Faking it ’til They Can Make it


It’s no surprise that underage drinking happens on college campuses. However, you might be surprised by just how much happens off campus, in restaurants and bars.

In 2002, a Harvard University study found that nearly 18 percent of underage college students owned and used false identification. More recently, a company in Charlottesville, Va., was shut down in May 2013 for making and selling fake ID’s. More than 20,000 college students from around the country were identified as purchasers of counterfeit IDs; owners of the company were charged with an array of federal crimes.

fakeTony Nalli, owner of The Last Shot restaurant and sports bar in Stoughton, a popular hangout among Curry students, said a lot of young people attempt to use fake IDs.

“I’d say fake IDs are getting better and harder to detect,” said Nalli. “We can detect a fake with a hologram book, but we don’t have any electronic technology yet….If they have a fake, we don’t let them in and we take away their ID.”

But he also understands why students try.

“Kids want to go out and drink before they are of age,” he said.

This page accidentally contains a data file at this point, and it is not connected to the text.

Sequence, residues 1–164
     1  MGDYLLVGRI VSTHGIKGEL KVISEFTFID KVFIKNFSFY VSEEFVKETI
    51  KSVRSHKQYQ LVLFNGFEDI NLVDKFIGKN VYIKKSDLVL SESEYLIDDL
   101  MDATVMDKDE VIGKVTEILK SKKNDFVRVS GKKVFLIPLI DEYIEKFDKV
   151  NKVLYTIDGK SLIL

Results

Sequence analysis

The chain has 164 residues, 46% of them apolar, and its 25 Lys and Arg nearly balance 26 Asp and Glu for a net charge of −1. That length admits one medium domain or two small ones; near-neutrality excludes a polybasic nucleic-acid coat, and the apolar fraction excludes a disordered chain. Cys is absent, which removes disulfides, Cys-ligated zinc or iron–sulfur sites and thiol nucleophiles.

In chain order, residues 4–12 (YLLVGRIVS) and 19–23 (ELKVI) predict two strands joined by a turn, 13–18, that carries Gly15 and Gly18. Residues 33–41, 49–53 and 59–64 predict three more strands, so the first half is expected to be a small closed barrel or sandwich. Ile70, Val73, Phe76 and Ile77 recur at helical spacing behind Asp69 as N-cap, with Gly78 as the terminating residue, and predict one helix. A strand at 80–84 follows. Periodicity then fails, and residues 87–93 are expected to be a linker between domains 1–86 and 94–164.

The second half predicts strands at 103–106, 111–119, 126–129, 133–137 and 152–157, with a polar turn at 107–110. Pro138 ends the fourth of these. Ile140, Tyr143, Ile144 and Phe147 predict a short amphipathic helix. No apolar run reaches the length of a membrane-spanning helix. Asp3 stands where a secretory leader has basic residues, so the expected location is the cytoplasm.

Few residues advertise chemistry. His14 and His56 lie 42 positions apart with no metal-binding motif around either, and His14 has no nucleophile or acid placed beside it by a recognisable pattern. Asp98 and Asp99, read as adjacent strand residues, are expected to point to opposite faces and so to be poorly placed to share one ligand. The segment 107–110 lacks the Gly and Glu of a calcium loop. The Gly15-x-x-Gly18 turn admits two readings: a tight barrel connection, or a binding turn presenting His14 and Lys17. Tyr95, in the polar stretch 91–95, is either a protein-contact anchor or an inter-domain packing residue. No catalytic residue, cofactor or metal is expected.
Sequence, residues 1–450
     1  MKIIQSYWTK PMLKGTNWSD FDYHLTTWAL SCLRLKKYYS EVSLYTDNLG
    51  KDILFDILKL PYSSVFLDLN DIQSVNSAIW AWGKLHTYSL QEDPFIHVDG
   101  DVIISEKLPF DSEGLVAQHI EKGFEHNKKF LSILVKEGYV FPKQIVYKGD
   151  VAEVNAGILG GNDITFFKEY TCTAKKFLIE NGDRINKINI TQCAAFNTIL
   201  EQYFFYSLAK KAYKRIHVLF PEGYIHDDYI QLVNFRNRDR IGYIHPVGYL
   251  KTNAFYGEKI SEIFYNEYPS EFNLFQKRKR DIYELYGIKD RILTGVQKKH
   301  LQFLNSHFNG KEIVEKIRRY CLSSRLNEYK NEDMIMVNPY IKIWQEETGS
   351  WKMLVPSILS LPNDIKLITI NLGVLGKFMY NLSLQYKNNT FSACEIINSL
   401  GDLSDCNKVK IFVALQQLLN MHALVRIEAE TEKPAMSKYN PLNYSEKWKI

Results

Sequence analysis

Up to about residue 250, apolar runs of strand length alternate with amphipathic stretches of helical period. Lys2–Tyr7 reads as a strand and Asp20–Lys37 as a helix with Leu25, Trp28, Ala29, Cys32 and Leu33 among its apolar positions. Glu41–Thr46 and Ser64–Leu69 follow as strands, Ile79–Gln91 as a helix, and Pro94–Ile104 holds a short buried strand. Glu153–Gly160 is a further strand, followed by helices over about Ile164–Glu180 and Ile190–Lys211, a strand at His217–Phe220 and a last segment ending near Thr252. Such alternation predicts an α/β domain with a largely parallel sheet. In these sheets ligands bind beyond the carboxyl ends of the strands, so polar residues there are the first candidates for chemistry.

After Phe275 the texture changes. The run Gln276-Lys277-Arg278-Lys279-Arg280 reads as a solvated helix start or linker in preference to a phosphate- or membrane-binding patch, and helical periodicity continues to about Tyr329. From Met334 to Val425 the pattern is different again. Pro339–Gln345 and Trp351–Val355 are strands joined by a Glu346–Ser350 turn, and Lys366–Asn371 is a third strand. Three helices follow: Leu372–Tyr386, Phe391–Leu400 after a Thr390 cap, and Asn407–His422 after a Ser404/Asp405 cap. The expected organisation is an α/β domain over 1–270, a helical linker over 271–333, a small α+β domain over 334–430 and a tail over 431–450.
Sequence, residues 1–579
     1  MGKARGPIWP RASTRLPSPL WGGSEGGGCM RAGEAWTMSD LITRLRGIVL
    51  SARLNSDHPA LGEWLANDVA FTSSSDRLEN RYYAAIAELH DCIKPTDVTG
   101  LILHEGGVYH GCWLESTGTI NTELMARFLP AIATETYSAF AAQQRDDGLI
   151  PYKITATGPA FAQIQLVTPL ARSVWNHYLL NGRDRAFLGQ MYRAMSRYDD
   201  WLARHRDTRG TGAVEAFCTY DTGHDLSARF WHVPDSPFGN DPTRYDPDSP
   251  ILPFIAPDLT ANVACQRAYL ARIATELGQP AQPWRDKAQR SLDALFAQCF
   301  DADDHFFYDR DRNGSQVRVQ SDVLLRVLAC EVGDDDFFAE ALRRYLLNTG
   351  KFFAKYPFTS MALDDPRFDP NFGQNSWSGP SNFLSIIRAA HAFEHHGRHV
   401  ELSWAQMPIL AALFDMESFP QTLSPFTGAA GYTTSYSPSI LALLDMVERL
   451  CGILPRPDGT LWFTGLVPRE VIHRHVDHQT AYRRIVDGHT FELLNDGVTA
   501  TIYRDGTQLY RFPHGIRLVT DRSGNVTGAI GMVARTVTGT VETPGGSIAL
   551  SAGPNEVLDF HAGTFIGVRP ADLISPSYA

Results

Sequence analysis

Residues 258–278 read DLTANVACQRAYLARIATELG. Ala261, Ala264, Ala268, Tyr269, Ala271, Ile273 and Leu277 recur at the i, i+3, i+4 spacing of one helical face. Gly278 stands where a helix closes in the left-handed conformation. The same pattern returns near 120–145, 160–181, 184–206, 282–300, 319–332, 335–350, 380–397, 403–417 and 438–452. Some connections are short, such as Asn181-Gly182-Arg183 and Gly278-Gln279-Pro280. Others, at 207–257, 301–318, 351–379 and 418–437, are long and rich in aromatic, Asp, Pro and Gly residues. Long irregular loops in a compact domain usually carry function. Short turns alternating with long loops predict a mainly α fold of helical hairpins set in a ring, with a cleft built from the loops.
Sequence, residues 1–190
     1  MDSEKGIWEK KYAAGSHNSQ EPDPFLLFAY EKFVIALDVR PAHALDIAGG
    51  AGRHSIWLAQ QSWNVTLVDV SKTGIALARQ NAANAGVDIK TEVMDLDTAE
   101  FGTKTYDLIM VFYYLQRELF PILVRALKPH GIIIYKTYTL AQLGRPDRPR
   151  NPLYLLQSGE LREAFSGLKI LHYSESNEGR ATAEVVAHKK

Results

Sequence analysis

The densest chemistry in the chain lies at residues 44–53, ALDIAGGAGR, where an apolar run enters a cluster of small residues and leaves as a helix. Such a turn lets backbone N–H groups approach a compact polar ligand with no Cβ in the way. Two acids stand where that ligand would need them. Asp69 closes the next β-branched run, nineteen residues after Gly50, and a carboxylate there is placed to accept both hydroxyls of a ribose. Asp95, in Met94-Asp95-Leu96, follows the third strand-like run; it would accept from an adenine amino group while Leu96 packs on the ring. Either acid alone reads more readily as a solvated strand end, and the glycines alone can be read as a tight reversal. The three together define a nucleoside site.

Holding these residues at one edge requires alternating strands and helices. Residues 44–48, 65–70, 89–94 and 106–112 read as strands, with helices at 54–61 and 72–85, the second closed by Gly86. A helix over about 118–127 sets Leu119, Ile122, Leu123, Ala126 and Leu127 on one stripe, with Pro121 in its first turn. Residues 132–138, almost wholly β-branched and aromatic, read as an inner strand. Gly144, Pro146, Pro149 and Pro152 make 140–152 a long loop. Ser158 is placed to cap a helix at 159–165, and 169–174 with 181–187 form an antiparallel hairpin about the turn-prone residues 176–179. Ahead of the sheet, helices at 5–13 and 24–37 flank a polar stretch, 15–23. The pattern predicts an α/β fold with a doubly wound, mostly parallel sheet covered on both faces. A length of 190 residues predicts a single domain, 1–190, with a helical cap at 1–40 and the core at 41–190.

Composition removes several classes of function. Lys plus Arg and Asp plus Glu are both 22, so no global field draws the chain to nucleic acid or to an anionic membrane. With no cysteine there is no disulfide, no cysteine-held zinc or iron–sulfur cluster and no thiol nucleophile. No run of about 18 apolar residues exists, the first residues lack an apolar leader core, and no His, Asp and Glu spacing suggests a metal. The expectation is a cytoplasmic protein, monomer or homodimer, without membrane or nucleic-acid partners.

Waiting to be 21 has become too long for many partygoers, however sophomore Alex Cartier said he does not mind the wait.

“I don’t have a fake ID because I don’t think it is worth the money, and it’s not a guarantee,” said Cartier, a nursing major. “I don’t trust sending $150 all the way to China to get a bad fake ID.”

Getting a fake ID is tempting for many college students. However, many minors don’t realize the consequences they could face if caught. In Massachusetts, the fine is $300 and a suspension of your driver’s license for 180 days.

And Massachusetts bartenders, waitstaffs and doormen are becoming more savvy detecting fake IDs. Some are so concerned with liability that they turn away young-looking people with out-of-state IDs, fake or not.

“I know that the majority of main Boston bars are pretty strict,” said Curry senior Elton Silva, a management and communication double-major. “I know someone who used [a fake] at a bar and got it confiscated.”

Nalli said he similarly does not tolerate fakes at his bar. The reasoning is simple: “We are liable for everything and everyone that comes through our bar.”

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